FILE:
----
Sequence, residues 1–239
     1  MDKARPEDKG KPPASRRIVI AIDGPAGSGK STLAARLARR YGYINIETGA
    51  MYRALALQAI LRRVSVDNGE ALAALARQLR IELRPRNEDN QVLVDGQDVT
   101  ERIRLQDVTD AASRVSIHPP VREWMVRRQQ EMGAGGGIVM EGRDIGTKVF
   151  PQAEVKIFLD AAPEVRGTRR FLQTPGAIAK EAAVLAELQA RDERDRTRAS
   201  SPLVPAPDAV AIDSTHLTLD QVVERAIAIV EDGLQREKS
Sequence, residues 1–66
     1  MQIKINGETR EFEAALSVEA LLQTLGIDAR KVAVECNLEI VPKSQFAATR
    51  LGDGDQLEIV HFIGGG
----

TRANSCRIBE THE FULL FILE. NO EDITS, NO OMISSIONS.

Sequence, residues 1–239
     1  MDKARPEDKG KPPASRRIVI AIDGPAGSGK STLAARLARR YGYINIETGA
    51  MYRALALQAI LRRVSVDNGE ALAALARQLR IELRPRNEDN QVLVDGQDVT
   101  ERIRLQDVTD AASRVSIHPP VREWMVRRQQ EMGAGGGIVM EGRDIGTKVF
   151  PQAEVKIFLD AAPEVRGTRR FLQTPGAIAK EAAVLAELQA RDERDRTRAS
   201  SPLVPAPDAV AIDSTHLTLD QVVERAIAIV EDGLQREKS
Sequence, residues 1–66
     1  MQIKINGETR EFEAALSVEA LLQTLGIDAR KVAVECNLEI VPKSQFAATR
    51  LGDGDQLEIV HFIGGG